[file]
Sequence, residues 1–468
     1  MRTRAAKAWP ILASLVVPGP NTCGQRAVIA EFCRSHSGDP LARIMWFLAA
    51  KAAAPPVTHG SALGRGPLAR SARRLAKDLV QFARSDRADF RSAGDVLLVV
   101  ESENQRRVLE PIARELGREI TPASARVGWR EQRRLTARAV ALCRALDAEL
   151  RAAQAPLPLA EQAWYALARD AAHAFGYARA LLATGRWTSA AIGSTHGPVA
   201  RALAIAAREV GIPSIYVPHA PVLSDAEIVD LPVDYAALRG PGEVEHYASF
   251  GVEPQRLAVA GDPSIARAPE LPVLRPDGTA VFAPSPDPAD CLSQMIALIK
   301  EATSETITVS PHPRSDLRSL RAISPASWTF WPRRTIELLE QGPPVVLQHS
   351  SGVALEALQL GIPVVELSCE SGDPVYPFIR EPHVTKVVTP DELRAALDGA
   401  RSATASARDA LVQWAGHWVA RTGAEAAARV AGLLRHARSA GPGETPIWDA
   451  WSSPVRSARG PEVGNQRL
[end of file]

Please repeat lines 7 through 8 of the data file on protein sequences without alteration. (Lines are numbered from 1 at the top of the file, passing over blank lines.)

   251  GVEPQRLAVA GDPSIARAPE LPVLRPDGTA VFAPSPDPAD CLSQMIALIK
   301  EATSETITVS PHPRSDLRSL RAISPASWTF WPRRTIELLE QGPPVVLQHS